PROVIDENCE, R.I. (WPRI) — Only 44% of Rhode Island K-12 students who have been in foster care graduated high school between 2010 and 2022, according to first-of-its-kind data from the R.I. Departments of Education and Children, Youth and Families.
“I mean it’s disgusting,” said state Rep. Julie Casimiro, D-North Kingstown. “The results are absolutely disgusting.”
Though RIDE tracks student educational outcomes and DCYF tracks children in foster care, the two departments had never previously combined data to find out how students in foster care were performing in school.
But a recent law changed that.
Gov. Dan McKee signed Casimiro’s bill into law in July 2021, requiring school superintendents to report on the “educational achievement and development” of foster students throughout the state.
The law resulted in RIDE and DCYF working together to publish eight different data points with a deadline of Sept. 15, 2022.
RIDE spokesperson Victor Morente said the full findings won’t be ready until November, when the most recent RICAS standardized test scores are being released.
But Target 12 obtained the department’s preliminary report, which includes the graduation rates and other data.
“We should be ashamed of ourselves,” Casimiro said after seeing the preliminary report. “We’re not doing anything right for these kids.”
Just two out of every five students who have been in foster care have graduated high school statewide since 2010, compared to 70% of all public school students.
Lincoln, East Providence and Chariho saw graduation rates of 37%, while North Kingstown and Exeter-West Greenwich hit 33%. Woonsocket rounded out the worst five district graduation rates with 24%.
“We need to take better care of these kids in foster care, and we’re not doing it,” Casimiro said. “We’re failing as a state.”
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Target 12 previously reported on a R.I. Kids Count analysis from August, which found that of the $330 million American Rescue Plan Act dollars public school districts received, no districts are planning to spend ARPA money specifically on programs to help students in foster care.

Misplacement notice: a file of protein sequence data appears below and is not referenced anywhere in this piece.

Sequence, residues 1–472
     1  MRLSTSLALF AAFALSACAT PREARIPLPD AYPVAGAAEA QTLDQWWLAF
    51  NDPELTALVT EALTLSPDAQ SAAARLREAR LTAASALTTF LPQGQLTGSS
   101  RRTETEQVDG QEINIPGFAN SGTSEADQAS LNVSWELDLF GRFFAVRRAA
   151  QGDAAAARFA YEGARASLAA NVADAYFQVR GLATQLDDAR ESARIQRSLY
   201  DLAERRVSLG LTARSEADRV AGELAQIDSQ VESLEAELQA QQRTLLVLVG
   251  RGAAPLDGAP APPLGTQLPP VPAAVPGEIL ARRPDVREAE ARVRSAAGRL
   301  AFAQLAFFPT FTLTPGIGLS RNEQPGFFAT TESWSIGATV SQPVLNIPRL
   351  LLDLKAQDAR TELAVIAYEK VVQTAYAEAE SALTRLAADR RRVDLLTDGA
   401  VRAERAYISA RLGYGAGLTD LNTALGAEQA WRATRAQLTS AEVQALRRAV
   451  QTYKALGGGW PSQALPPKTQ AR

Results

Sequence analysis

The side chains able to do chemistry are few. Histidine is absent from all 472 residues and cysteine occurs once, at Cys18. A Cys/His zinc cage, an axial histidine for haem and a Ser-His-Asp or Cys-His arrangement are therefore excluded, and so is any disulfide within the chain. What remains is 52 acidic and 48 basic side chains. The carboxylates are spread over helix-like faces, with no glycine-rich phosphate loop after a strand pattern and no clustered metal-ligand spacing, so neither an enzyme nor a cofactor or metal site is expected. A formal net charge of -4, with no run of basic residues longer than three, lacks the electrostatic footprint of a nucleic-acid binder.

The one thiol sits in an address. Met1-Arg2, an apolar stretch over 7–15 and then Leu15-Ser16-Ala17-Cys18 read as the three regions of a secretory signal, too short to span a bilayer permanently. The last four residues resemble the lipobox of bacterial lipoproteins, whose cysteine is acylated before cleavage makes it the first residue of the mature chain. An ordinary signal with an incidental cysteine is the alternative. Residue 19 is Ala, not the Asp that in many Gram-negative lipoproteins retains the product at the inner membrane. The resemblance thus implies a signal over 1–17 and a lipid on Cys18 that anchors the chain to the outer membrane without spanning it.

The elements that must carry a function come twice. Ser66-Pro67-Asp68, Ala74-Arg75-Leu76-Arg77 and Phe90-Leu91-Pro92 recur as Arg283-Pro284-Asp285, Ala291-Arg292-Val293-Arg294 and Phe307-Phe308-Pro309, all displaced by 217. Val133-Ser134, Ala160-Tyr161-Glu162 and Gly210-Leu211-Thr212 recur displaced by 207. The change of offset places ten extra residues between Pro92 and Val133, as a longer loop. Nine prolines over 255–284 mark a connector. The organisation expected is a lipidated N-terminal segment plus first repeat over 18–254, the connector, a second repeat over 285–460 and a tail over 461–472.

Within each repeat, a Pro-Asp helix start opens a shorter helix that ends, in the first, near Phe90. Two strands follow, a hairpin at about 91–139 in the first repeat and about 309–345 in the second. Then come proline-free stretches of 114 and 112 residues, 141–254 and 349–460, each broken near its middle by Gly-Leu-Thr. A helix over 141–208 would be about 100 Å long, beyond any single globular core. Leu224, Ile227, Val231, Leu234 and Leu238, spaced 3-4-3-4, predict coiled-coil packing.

Lisa Guillette, executive director of the nonprofit Foster Forward, said these vulnerable students need ARPA dollars urgently.
“Let’s review the data,” Guillette said. “Let’s make some different decisions.”
“Now that we know, definitively, how we’re failing kids in foster care, we can have a more productive conversation about how to change that,” she added.
Guillette told Target 12 she’s been trying to get RIDE and DCYF to combine and share this data for two decades.
“RIDE had the ability, over 20 years, to know how subgroups of students were doing,” she said.
Morente responded, “I can’t speak for previous administrations, but RIDE recognizes the importance of partnering to gather this information and entered into a data sharing agreement with DCYF last spring.”
He said without the agreement with DCYF, RIDE couldn’t access the confidential information about students in foster care.
Casimiro agreed with Guillette, saying she was disappointed the full report wasn’t ready.
“I’m glad we’re making progress,” Casimiro said. “But I expected it to be done after a year and three months.”
Morente pointed out that “the legislation directs superintendents to create an annual report,” not RIDE, and said the RICAS data not being ready until November is the main barrier to completion.
One of the requirements of the law is that in districts where students in foster care are “disproportionately failing,” superintendents need to “develop a remediation plan” to fix it.
Casimiro said after seeing the data, she expects every single district to file a remediation plan.